I just finished reading an excellent book, “Supersense: Why We Believe in the Unbelievable” by Bruce Hood. The book explores how the way our minds are wired leads us to intuit the supernatural. It’s concepts such as the ones in this book, the way our minds really work as opposed to our intuitive understanding of how our minds work, that kept me interested in psychology in college.
Among other things the book discusses “essentialism,” the tendency we all have to think that there is a metaphysical essence attached to all objects and organisms that makes them what they are. The idea of essences goes all the way back to ancient Greek philosophy, and Dr. Hood quotes a Greek philosopher to make his point. He tells the story of the Ship of Theseus, a famous ship in the Greek world which saw years of service. Over its lifetime, parts of the ship were replaced as they became warped or rotten. Was it still the same ship at the end of its service as it had been at the beginning, despite having had many of its planks replaced? What if one were to take the cast-off planks and assemble them into a second ship? Which would be the real Ship of Theseus, the one that had parts slowly replaced, or the one that was made of the original, now cast-off planks?
A modern-day Ship of Theseus lies at anchor in Boston Harbor. The USS Constitution is an eighteenth-century wooden super-frigate, and is the oldest ship in the world to hold a continuous naval commission. Built during the “pseudo-war” between the United States and France near the end of the1700s, it became famous during the War of 1812 when its crew watched shot from the British frigate HMS Guerriere bounce off its sides and gave it the nickname, “Old Ironsides.” In the over two centuries it’s been in service, every splinter of the Constitution has been replaced at one point or another. Is it still the same ship that traded broadsides with the Guerriere?
That we still think of it as the same ship despite it physically being made up of entirely different material is because of our intuitive sense that there is some essence that defines an object as itself, an essence that is separate from the physical material it’s made of. We see the Constitution as an entity, not merely as a thing made of wood and steel.
Dr. Hood suggests that we have this sense because it helps us identify objects and people as having a continuous existence. He cites a rare neurological disorder in which patients are unable to identify people and objects as those they are familiar with, and instead insist that their parents have been replaced with exact duplicates; and that their closets are full of clothes that are the exact size and style as the ones they own, but belong to other people. Their sense of the essence of objects and people is damaged, and they don’t intuitively connect the beloved parents they spoke with before they became sick with the identical-looking people they’re speaking to right now.
The sense of essence then is extremely useful, as it allows us to intuit continuity. This is even more important with people than with objects. While the entirety of the Constitution has been replaced over the years, it still looks much as it did when it was first launched in the late 1700s. People, on the other hand, change as they age. My daughter today looks almost nothing like she did when she was born. Then she was a tiny, wrinkly, floppy thing that did nothing but eat, sleep, and cry. Now she’s nearly three feet tall, talks incessantly and loves to run and jump. Yet I intuitively see her as the same person.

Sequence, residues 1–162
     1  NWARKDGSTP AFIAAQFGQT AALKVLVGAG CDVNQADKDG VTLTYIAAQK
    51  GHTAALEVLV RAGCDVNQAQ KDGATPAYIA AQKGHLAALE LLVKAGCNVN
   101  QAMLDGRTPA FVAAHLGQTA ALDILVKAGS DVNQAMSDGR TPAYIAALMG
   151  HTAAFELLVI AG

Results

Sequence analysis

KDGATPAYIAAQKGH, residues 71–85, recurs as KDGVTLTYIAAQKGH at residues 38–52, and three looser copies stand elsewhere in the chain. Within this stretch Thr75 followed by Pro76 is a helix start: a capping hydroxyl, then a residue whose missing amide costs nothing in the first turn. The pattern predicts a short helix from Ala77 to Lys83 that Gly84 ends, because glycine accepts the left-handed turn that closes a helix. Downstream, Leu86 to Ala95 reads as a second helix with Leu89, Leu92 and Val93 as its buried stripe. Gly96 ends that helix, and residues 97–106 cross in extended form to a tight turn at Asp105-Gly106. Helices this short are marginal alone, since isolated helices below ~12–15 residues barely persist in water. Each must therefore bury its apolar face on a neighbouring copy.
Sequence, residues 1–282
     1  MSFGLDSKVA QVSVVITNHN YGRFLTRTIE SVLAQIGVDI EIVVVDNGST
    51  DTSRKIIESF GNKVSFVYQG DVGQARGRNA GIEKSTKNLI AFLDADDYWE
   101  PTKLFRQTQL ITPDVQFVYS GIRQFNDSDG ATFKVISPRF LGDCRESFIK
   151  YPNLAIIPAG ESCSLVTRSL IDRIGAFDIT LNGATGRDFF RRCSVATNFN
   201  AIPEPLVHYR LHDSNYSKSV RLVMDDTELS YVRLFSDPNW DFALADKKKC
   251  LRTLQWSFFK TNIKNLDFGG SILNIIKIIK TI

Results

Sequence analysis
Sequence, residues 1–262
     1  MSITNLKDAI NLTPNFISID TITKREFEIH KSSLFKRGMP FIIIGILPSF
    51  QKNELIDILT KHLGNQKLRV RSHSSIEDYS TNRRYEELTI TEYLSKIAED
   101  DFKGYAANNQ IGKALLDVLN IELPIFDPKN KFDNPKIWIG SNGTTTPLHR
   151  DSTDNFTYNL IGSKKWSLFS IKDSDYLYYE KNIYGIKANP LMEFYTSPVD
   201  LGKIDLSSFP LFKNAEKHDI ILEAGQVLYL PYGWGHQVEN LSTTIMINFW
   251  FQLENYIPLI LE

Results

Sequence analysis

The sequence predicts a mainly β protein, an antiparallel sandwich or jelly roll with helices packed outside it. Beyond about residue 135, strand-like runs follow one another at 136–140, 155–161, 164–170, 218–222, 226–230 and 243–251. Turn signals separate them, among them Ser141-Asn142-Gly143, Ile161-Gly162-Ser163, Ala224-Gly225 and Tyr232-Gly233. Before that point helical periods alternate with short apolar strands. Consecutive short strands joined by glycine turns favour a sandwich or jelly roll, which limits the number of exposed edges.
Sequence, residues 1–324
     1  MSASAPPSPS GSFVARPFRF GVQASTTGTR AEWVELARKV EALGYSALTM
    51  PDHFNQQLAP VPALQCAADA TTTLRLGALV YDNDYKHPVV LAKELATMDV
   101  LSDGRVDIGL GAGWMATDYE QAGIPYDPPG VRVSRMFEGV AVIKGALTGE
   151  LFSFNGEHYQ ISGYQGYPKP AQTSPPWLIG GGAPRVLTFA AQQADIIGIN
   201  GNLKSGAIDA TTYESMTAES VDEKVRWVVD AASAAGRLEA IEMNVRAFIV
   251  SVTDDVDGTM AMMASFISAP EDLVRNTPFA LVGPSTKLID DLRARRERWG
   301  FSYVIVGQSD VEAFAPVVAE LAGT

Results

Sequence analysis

This brings us to the soul. Our intuitive sense of essence, of a supernatural component to objects’ and peoples’ identity, lends itself to the instinctive assumption that there is metaphysical soul which animates our physical body. The sense of essence creates the illusion that there is something more to the people we interact with than their physical bodies, and together with other phenomena, such as our experience of our consciousness as existing in a metaphysical space somewhere behind our eyes; our sense that we occupy our bodies and drive them around like meaty vehicles; our difficulty truly conceiving of our own non-existence and a world that we are not a part of in some way; and the lack of obvious physical change at the moment of death, causes us to infer a metaphysical entity that animates the body and is the actual person we are interacting with – a soul.
Unfortunately for proponents of the existence of a soul, none of these things are evidence that a soul exists. Intuiting essence is useful to us because it lets us identify objects as having a continuous existence, but essences aren’t real in an objective sense – for either ships or people. Our sense of our consciousness as separate from and in control of our bodies is just a quirk of experience – our consciousness is an emergent property of our brains, and some of the brain areas responsible for various experiences have already been identified. Our consciousness is not any one of the experiences produced by discrete areas of the brain, but the sum of those experiences. Our difficulty conceiving of a world in which we do not exist is due to our complete lack of experience with our own non-existence – an experience that would be impossible to have. And the lack of an obvious change that turns a person into a corpse is because we cannot detect brain activity without sophisticated equipment. People die because their body breaks and stops working, much the same way a computer will stop working if a circuit board is cracked. There is no ghost in the machine that makes a computer work, just silicon chips, ceramic platters, and electric current. And there is no need to posit a soul to animate our bodies, just neurons, neurotransmitters, and bioelectricity.